Products like weed and cannabis oil, pictured, are just some of the ones available for purchase through New York’s black market dealers. Photo by Zachary Devita.
New York state is on the cusp of legalizing marijuana. While there are promises of billions of tax revenue for the state, many advocates are still weary of the proposed legislation.
Nancy Udell, a director of the advocacy group NORML, which fights to end the prohibition of cannabis in the United States, is pleased to see the push for legalization in the state of New York, but believes Governor Andrew Cuomo was swayed by the dollar signs.
“He maintained it was quote ‘a gateway drug’ until about a year and half ago,” Udell said. “I think the fact that Massachusetts, Maine, and D.C….all legalized, the governor saw that and realized that New York was going to lose out on tax revenue.”
According to the Boston Business Journal, Massachusetts sales tax from recreational marijuana could reach as high as $61.6 million in fiscal 2019 and $154.2 million in fiscal 2020.
It’s not just recreation and state tax revenue that would benefit from legalizing the substance. NORML and Udell are looking forward to the possible revenue in local communities that could be generated if legalization occurs, following in the footsteps of a state like Colorado.
According to the Colorado Government, recreational marijuana sales have had a steady increase since legalization in 2014, with total cannabis sales (including medical and recreational) equaling almost $1.4 billion as of November 2018.
Yet, legalization could spell trouble for black market dealers. One of those dealers, who wished to remain anonymous, understands that making cannabis legal may only increase their competition.
“It would mean less demand because there would be more supply,” they said. “I mean the biggest negative is more dealers and dispensaries opening, because people will be less on the fence for selling and buying knowing they won’t be punished for it.”
However the dealer understands that legalization is an important step for New York as it has gained momentum and acceptance. A recent Quinnipiac poll showed that 65 percent of New Yorkers voted in support of marijuana being legal, with 59 percent supporting the sale of legal marijuana in their community.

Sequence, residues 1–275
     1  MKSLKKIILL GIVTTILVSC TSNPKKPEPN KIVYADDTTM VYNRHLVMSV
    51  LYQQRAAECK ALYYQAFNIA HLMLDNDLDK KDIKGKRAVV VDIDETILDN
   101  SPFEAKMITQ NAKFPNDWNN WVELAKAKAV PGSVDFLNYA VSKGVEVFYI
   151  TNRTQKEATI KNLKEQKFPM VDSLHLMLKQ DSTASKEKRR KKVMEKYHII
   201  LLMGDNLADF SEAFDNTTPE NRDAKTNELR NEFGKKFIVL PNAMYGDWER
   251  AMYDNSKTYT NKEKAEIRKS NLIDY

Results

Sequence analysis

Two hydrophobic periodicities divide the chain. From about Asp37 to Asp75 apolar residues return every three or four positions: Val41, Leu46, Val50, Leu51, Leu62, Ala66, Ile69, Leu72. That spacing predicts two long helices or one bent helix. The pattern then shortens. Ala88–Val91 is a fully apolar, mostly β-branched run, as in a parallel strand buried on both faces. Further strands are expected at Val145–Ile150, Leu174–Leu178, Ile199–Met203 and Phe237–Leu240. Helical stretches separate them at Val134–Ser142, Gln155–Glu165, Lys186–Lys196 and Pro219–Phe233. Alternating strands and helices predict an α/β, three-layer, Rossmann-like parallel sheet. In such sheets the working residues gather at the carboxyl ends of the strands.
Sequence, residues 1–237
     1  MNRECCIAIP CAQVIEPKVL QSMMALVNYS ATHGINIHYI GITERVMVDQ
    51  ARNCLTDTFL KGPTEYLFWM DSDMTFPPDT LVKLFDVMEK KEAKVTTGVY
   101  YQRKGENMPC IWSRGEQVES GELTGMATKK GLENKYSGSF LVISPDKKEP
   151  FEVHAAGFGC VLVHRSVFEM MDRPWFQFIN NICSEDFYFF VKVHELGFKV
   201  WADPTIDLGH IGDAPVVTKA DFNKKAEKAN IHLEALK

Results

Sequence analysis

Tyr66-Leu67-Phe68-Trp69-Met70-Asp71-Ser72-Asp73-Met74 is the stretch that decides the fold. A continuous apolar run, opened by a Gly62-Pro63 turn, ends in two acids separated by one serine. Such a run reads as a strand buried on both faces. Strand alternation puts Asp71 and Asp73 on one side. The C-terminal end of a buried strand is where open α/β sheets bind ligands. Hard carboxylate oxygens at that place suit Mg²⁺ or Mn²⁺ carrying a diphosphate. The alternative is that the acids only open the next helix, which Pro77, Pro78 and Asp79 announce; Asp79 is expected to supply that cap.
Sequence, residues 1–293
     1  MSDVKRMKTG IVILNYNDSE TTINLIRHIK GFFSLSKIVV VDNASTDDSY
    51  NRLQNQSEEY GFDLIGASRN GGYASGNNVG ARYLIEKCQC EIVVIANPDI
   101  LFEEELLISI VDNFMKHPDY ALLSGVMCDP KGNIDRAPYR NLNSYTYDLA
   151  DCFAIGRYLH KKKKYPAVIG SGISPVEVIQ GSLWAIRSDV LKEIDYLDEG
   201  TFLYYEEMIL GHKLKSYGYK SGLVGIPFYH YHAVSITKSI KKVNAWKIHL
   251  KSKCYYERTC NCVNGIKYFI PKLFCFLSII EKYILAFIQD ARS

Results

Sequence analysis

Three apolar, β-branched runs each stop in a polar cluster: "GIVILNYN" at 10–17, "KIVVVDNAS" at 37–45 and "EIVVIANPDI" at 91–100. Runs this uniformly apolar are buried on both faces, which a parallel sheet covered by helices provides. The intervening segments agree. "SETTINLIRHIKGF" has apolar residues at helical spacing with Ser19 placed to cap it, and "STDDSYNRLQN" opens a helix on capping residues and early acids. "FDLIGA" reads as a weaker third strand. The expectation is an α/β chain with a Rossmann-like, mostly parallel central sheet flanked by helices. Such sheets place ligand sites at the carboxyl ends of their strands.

“Legalization would mean we are adapting to the times and opening up the floodgates of a billion dollar industry in a city,” the dealer said.
If legalized, the dealer said they would try and adapt to the change, and even pursue opening their own dispensary, with a variety of new cannabis products opening the door to a profitable and legal business.
“You’d be going from selling straight flower to a product like bath bombs with THC in them,” the dealer said. “It’s crazy!”
Although Udell and supporters of legalizing marijuana are pleased that legalization may finally have it’s moment in the state of New York, they’re also aware of the social equity issues that come with the legislation.
“What I mean [by social equity] is any taxes collected through marijuana sells or any related products, should be directed toward communities who have suffered in the war against cannabis,” Udell said. “And those communities are mostly minority communities.”
While the legislation proposed in New York mentions social equity, Udell says there is little substance behind the words.
“There’s no meat to those bones,” she said. “The legislation will appoint a commissioner who will make the final decision when it comes to social equity.”
“But that’s not what we want, we want it in the law that certain percentage of the revenue made from marijuana would go to these communities,” Udell said.
Udell and NORML continue to push for a proposal that includes social equity. The momentum is on the side of legalization, but the details of Cuomo’s proposed bill are still a concern for legalization advocates.
“What the governor proposed, some things we like but a lot of things we hate,” she said. “I mean that’s the most complicated part of this, you know, how to structure it so you can help these emerging businesses. I think there are a lot of good proposals people have put forward, but certainly you need to do this properly.”